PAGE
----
Study Guide


Isaiah Week 05 Group Discussion Guide

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  • Familiarize yourself with this Group Discussion Guide
  • If you missed it,CLICK HEREto watch the weekend sermon
  • Read Isaiah 36-39
  • Get a feel for the Book of Isaiah as a whole byWATCHING THIS VIDEO
  • Sit in prayerful silence with God for a while, and ask the Holy Spirit if there is anything that he wants you to share during your group's time together.

Every week, enhanced content will be provided for those who want to take things beyond their group's gathered time to be used for personal enrichment.

In 2 Samuel 7, God promised that a faithful king would arise and lead Israel towards faithfulness and that he would rule over the nations forever and ever.

The author of Isaiah wants us to see that the hope for a faithful king who would bring the kingdom of God has deep roots going all the way back to David. It appears that this promise stood as a potential reality for each generation of David's descendants, but one by one they all struck out. Hezekiah came close, but in the end, even he was disqualified by his selfishness and sin. The future promise keeps getting delayed and kicked out into the future, the distant future.

This a very different conception of messianic prophecy than the popular conception of the prophets (think Nostradamus), who looked into a crystal ball and predicted events far removed from their own day. That isn't how the biblical prophets worked. Rather, they looked to God's promises in the past (to Abraham and David) to generate hope for their own day and beyond. The prophets believed that God's covenant promises called every generation of Israel and its kings to repentance and faithfulness. But, as the story turns out, none of David's descendants lived up to this call. And then the exile happened. This is how the promise of the Messiah became a hope for the distant future once the kingdom of David was hauled off to Babylon.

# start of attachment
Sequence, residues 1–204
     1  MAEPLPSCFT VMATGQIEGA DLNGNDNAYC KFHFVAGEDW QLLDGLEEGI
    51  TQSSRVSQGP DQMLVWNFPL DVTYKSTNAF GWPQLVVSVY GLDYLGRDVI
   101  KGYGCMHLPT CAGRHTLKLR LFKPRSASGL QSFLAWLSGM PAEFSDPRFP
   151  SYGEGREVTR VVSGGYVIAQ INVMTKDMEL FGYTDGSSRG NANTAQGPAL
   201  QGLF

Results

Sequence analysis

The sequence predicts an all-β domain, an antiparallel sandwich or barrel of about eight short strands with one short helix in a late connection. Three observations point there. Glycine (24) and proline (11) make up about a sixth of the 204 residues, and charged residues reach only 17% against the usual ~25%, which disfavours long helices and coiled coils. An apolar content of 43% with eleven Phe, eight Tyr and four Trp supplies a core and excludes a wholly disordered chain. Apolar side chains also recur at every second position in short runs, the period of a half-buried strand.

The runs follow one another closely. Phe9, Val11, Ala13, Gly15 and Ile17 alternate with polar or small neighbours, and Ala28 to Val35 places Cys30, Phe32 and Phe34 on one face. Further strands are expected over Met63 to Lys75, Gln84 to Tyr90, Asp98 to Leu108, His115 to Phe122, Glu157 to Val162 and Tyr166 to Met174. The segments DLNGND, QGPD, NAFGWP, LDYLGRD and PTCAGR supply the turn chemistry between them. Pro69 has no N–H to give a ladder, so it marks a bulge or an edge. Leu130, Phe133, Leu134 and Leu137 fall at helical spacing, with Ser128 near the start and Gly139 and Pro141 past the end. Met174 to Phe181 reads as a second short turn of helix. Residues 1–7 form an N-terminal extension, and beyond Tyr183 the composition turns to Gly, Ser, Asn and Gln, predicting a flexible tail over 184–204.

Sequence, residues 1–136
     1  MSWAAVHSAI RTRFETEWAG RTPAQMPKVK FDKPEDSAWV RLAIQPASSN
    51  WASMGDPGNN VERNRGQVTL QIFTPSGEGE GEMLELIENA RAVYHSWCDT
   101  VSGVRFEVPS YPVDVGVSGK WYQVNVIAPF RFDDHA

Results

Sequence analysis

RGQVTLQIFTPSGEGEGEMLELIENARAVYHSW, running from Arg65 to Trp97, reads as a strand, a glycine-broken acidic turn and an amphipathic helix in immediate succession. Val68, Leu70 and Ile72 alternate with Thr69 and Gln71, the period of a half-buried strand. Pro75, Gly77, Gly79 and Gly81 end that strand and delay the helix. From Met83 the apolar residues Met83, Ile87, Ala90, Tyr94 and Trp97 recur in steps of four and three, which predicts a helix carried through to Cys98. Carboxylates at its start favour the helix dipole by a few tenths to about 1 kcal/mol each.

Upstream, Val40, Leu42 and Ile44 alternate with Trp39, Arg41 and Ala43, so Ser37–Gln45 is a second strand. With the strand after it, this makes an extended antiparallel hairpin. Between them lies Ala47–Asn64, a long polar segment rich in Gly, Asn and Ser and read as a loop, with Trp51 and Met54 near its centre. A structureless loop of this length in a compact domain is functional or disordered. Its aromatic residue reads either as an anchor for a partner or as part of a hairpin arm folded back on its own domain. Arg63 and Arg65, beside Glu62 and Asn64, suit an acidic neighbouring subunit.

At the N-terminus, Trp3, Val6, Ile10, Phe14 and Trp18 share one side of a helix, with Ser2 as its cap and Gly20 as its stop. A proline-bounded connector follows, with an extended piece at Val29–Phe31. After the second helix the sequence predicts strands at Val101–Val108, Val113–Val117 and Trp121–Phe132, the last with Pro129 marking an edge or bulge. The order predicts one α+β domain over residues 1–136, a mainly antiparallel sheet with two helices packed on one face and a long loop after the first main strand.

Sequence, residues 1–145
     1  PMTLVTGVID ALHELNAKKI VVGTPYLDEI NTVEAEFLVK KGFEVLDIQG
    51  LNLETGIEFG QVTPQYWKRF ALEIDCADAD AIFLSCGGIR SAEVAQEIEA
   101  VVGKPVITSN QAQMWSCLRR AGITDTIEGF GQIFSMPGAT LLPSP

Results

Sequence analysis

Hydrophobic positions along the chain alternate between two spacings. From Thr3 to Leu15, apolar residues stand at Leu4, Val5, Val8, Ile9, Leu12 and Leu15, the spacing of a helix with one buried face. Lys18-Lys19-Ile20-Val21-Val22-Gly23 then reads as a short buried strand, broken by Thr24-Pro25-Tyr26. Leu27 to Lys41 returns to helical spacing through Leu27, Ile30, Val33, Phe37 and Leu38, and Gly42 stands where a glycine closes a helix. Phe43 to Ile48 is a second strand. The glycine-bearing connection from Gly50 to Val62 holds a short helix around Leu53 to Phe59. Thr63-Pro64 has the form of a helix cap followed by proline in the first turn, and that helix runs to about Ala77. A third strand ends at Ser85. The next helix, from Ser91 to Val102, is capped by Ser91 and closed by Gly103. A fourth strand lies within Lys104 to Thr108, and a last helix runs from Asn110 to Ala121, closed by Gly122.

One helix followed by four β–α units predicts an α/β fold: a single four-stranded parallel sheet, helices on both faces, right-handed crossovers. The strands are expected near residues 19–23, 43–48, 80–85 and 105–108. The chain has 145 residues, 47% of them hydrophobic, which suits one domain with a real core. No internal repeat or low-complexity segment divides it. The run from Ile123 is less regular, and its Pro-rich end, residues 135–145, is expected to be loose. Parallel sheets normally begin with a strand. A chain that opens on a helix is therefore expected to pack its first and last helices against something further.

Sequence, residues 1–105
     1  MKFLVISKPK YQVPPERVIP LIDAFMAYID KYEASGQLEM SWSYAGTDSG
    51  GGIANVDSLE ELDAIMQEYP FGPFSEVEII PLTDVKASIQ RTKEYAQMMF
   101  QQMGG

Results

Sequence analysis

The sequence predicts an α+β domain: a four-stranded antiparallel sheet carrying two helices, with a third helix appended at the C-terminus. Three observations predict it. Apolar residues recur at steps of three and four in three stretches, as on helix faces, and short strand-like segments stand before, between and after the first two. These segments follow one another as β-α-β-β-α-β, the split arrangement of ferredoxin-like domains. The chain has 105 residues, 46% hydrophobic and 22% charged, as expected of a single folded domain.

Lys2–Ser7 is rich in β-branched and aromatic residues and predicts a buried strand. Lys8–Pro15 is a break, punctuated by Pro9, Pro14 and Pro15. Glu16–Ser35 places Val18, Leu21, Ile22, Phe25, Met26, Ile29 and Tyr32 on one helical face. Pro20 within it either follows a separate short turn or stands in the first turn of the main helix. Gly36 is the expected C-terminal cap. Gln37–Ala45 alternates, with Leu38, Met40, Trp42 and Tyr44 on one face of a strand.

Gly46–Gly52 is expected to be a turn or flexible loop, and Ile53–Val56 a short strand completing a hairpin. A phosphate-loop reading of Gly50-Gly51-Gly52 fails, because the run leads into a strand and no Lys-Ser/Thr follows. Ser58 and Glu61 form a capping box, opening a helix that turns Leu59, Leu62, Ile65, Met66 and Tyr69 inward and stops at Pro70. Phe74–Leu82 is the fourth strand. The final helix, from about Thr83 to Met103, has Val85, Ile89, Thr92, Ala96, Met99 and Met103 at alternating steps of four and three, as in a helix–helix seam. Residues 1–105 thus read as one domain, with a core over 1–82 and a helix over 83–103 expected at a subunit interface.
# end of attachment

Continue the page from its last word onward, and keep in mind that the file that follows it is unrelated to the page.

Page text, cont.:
This was the story that Jesus was born into. The basic claim of the four Gospel stories in the New Testament is that Jesus was that faithful king from the line of David. He was the one to whom this entire story had been pointing all along. Not because of Isaiah's predictive prophecy, but because Jesus arrived and began doing things that made people realize this man is doing all the things God promised to David and Abraham. Those ancient poems and prophetic stories created a giant "help wanted: Messiah needed" sign, and Jesus arrived to apply for the job, and successfully. However, how Jesus fulfilled these ancient promises also surprised many people. And that will be our future focus once we begin to study the parts of Isaiah that describe "The Suffering Servant."

Read Matthew 11:1-6 and Ask Yourself: Have I ever "stumbled" when God was not meeting my expectations for what I thought he should be like? Do we want our kings to be suffering servants, or do we expect them to meet different criteria?

Text: edited from an article by the Bible Project (